November 08, 2014

Ruth Oosterman Turns Her 2-Year-Old’s Doodles Into Gorgeous Paintings


 The whole time she was pregnant, Ruth Oosterman said she had a terrible artist’s block and couldn’t create anything. But the second her 2-year-old daughter was born, “she became my muse,”.

The Toronto resident said eventually, one of her daughter’s doodles caught her eye, and she saw a window for the two to collaborate.

And her daughter, Eve, has just as much fun creating the paintings as she does, sometimes going through “stacks of paper” and chatting with her mom about what she’s creating.

The engaged mom documents the photo project on her blog, The Mischievous Mommy, and films time-lapses of how each painting came together on her YouTube channel.

Painting with her daughter lets her move out of her comfort zone, she explained, by forcing her to relinquish control and think creatively.

“A favorite quote of mine is from Picasso, when he said it can take ‘but a lifetime to paint like a child,’” Oosterman said.


With thanks to Bored Bug
More at You Tube 

Now it seems drawing is missing out. There is less and less of it happening.
The story above seems to back this up

‘Lost art’ Lamented As Drawing Goes Belly Up

ON  the eve of the Dobell Australian Drawing Biennial at the Art Gallery of NSW, artist and former National Art School director Bernard Ollis claims Australian art schools are “in crisis” and that drawing skills are in serious ­decline. 
Ollis, a 2012 Dobell prize finalist, says the demise of drawing, once regarded as the foundation of all art-making, is “partly due to art schools pushing for new technologies and new directions, and thinking that drawing belongs in the last century’’.

“I think drawing in art schools is going through a poor time. A lot of people said, ‘out with the old, in with the new’, but they don’t know what to replace it with. They say, ‘here’s all this wonderful technology to play with’, but it doesn’t necessarily make you a better artist. I do think there is a kind of ­crisis in art schools at the moment, a dilemma as to what art schools are now providing. You have a lot of people wondering, ‘what now?’.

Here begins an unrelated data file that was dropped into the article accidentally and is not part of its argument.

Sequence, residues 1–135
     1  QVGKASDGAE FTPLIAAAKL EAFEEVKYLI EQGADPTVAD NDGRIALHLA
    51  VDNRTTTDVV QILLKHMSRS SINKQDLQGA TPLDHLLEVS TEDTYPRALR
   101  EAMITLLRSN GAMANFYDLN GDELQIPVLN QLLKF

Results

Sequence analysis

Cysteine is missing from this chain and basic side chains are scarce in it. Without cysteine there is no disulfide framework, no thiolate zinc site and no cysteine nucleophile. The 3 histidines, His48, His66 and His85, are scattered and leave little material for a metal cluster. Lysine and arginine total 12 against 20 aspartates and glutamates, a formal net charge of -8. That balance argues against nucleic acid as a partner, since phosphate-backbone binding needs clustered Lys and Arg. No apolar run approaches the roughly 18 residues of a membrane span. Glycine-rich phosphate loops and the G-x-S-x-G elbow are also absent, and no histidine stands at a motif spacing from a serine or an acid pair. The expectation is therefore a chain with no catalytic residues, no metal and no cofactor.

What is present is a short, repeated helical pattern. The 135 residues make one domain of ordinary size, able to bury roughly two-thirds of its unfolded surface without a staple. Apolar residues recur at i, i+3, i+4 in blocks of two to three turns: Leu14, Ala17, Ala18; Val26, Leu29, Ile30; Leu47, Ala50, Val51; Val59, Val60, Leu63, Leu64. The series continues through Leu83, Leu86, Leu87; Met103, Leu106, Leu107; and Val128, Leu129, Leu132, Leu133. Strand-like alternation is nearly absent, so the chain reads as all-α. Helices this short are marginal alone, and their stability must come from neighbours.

“It’s much more sexy to work with new technologies than to draw something, which is a bloody hard thing to do.”

Ollis’s views are shared by many leading figures in the art scene. The likes of Archibald prize-winners Cherry Hood and Wendy Sharpe, former Dobell prize-winner Kevin Connor and The Australian’s art critic Christopher Allen rue the rise of a generation of aspiring artists without even basic knowledge of perspective or tone — essential skills to art-making, be it painting or film or digital art, in their view. The Australian’s cartoonist Bill Leak calls drawing a “bit of a lost art”.

Critics lay the blame on a ­theory-heavy curriculum at the nation’s leading art schools, and an arts culture which, for a time, regarded drawing, according to Allen, as “incomprehensibly old-fashioned”. Ollis says: “I remember talking to a friend in London who is an art school lecturer about life drawing, and she said, “Oh, do you still do that Victorian peepshow stuff?’."

Ollis believes the lack of an old-fashioned studio culture at art schools is a source of the problem. He says “it seems COFA (the College of Fine Arts, now known as UNSW Art and Design) has somewhat lost its way in that ­regard, and Sydney College of the Arts lost its way years ago”, but both reject these charges. Sydney College of the Arts says “drawing is alive and well” at the school.

Ollis and many others would like to see a return to foundation skills being taught as core, rather than elective, subjects. “I don’t think you have to spend all day in a life-drawing studio or learning still life or urban landscapes but I think you need to keep these things alive and well,” he says.

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